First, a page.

But it would be hard to find any whose proven range is greater than that of Dominic West, star of BBC America's "The Hour."
Or, how about the distance between the Iago he played onstage alongside Clarke Peters' Othello, and the role he is signed next to deliver as Richard Burton opposite Rachel Weisz's Elizabeth Taylor in a BBC production set to film in New York?
This Wednesday, the 43-year-old West winds up a critically acclaimed second season in "The Hour" as Hector Madden, a 1950s-era BBC anchorman with an upper-class background, a noveau riche wife and a war veteran's knowledge of how dark and tenuous life can be.
One of the season's strongest arcs in this ensemble drama set backstage at a TV newsmagazine finds Madden's onscreen popularity on the rise even as his personal life takes a turn to the sordid thanks to alcohol and a relationship with a chorus girl at El Paradis, a gangster-run nightclub in Soho.
For all his triumphs onstage, "The Hour" is West's first TV series since "The Wire" ended production in Baltimore in 2007.
"'The Wire' created a lot of wonderful opportunities for me, and I stupidly turned them all down and did theater instead," West said jokingly in a telephone interview last week between performances of "My Fair Lady," which has received glowing reviews.
"Seriously, 'The Wire' is what I'm known for," he quickly added. "It was an amazing piece of good fortune that I'm associated with it, because certainly in this country, and I know in America as well, it's hugely well regarded. And so, I have an audience and a profile here and in America that I never would have had without it. It is still the thing I'm known most for, which I'm delighted about."
The feeling is mutual, according to David Simon, creator of "The Wire," who explained in an email last week how much West contributed to his landmark series.
"Beginning with a self-made audition tape that Dom sent across the Atlantic, our sense of what Jimmy McNulty could and should be was altered," Simon said. "He gave the character colors and facets that we were able to utilize for five seasons, creating a main protagonist that was highly intelligent, very angry, dryly comic and humanly flawed."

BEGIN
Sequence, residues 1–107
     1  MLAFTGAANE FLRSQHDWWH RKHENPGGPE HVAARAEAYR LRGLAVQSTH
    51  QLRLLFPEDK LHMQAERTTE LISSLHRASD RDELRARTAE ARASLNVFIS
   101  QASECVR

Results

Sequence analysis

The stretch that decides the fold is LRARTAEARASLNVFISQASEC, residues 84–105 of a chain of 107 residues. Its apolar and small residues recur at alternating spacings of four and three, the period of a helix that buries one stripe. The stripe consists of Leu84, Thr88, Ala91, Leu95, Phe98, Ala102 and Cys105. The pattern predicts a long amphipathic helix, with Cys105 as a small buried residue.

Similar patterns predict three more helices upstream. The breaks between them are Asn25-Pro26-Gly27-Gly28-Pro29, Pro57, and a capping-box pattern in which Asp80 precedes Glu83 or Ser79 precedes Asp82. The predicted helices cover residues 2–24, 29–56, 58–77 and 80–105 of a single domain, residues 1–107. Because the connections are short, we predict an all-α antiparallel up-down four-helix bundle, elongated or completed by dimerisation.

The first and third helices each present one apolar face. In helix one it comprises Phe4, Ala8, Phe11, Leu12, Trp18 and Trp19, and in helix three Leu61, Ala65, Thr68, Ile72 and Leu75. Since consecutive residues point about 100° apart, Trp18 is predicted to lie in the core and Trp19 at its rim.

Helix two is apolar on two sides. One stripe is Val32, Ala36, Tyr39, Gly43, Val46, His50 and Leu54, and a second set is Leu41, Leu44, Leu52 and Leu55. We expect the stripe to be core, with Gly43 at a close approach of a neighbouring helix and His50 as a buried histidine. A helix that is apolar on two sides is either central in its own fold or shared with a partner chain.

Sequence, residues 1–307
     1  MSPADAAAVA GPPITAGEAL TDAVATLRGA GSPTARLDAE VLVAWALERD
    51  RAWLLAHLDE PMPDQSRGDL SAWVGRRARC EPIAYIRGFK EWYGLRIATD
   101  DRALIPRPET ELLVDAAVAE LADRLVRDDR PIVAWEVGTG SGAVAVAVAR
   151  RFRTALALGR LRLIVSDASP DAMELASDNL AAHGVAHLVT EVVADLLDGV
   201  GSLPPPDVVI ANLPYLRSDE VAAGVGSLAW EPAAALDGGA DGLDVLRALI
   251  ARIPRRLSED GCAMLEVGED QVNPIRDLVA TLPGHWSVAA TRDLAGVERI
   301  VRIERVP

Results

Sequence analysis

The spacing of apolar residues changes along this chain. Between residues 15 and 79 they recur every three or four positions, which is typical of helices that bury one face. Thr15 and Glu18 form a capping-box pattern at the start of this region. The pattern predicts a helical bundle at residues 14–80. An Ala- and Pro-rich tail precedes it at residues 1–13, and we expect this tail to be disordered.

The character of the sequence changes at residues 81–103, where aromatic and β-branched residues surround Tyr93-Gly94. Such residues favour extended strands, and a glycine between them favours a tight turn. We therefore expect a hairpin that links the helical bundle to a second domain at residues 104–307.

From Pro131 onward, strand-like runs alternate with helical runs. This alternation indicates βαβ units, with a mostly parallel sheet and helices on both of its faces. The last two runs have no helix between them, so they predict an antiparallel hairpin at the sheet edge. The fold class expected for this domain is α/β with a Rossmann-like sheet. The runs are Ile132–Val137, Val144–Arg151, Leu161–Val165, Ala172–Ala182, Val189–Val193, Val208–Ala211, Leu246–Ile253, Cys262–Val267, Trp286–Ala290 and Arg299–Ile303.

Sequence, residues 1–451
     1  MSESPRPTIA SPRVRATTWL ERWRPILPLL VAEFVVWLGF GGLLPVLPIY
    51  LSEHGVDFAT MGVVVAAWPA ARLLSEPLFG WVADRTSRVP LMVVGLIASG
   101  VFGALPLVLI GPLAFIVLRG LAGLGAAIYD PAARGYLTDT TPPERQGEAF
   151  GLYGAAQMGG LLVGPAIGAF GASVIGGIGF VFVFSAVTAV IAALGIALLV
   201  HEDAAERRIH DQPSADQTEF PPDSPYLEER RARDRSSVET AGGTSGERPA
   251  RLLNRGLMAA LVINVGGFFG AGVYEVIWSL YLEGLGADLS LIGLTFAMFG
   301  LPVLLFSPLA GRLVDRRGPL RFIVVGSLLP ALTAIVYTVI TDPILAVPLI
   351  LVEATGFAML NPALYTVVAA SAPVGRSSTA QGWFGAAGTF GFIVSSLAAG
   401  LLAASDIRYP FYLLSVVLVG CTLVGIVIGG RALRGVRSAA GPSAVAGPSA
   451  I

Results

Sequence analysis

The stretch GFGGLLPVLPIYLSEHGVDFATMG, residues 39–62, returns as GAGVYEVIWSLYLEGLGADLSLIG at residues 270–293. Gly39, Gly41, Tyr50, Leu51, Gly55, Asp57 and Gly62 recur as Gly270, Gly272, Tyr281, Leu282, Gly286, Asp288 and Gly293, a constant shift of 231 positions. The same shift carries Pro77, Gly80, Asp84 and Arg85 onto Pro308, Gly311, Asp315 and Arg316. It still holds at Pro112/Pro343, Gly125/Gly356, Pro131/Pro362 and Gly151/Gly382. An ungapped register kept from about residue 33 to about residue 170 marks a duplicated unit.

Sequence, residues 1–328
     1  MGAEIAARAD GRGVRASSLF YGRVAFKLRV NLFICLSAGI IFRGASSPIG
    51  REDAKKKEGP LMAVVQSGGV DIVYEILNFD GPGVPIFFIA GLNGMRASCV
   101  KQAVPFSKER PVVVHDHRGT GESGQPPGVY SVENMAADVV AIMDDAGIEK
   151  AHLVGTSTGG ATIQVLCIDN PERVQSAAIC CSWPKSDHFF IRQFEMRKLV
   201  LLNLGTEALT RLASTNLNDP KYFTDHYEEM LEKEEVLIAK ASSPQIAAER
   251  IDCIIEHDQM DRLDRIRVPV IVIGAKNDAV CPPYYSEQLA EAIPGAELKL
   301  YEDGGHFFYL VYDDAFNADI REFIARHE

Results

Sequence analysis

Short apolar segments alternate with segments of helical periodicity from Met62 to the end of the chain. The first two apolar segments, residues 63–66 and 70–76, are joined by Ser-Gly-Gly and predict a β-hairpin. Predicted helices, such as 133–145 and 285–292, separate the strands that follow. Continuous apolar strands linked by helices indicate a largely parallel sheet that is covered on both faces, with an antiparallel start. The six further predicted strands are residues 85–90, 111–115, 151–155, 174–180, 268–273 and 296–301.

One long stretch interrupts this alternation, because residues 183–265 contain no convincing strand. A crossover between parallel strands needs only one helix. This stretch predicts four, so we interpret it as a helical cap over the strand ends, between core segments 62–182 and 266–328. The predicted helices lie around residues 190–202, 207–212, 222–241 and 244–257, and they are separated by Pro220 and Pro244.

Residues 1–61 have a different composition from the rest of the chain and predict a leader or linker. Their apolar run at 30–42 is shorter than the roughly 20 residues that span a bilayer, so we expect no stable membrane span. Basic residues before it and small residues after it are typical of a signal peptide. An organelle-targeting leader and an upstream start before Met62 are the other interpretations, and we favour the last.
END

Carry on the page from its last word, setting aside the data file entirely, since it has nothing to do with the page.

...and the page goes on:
The result, Simon said, is a character that the audience came to care about in all his contradictions.
"At some points, the audience desperately wanted McNulty to be a better man than he was, and at other key moments, that same audience came to love him for being so bluntly honest and indifferent to the rules," Simon said. "Dom provided room for all of that, and he found the core of every scene we threw at him. He's a pro and among the best I've worked with."
West delivers the same kind of nuanced, complicated and even contradictory performance as Hector in "The Hour." It starts with the actor understanding not only the character but the sociology of the times in which the character would have lived.
"Hector had been at D-Day, he'd been in the war [World War II], he'd had a traumatic war record. And like that generation of people, he lived life to the fullest upon coming home -- having witnessed such horror. Very much in Season 2, that's what drives Hector. He's into wine, women and song, because he's faced death," West said.
"At the end of the '50s and beginning of the '60s in Britain, a new guard was coming in and replacing the old. And people who had not fought in the war did not have the same reverence for pre-war values. And so, Hector is bridging those two generations and trying valiantly to adapt to the new generation, although he is very much, I suppose, part of the older one."
There's also a compelling physical dimension to West's performance
As I said in my preview of Season 2, I can think of no actor outside of James Gandolfini who can use his body to capture the movement and aura of a man surrendering to physical desire like West. You could see some of it in his performance as McNulty as the detective started to feel the effects of the booze in his blood after a couple of drinks.
But what viewers of "The Hour" see as Madden takes his seat at El Paradis and loses himself in the slinky, sultry movements of the female singers and chorus-line dancers is even more dramatic. The transformation West executes is stunning as Madden goes from polished, in-control TV celebrity upon entering the club to heavy-lidded, dissolute sexual consumer rapaciously staring at the dancers.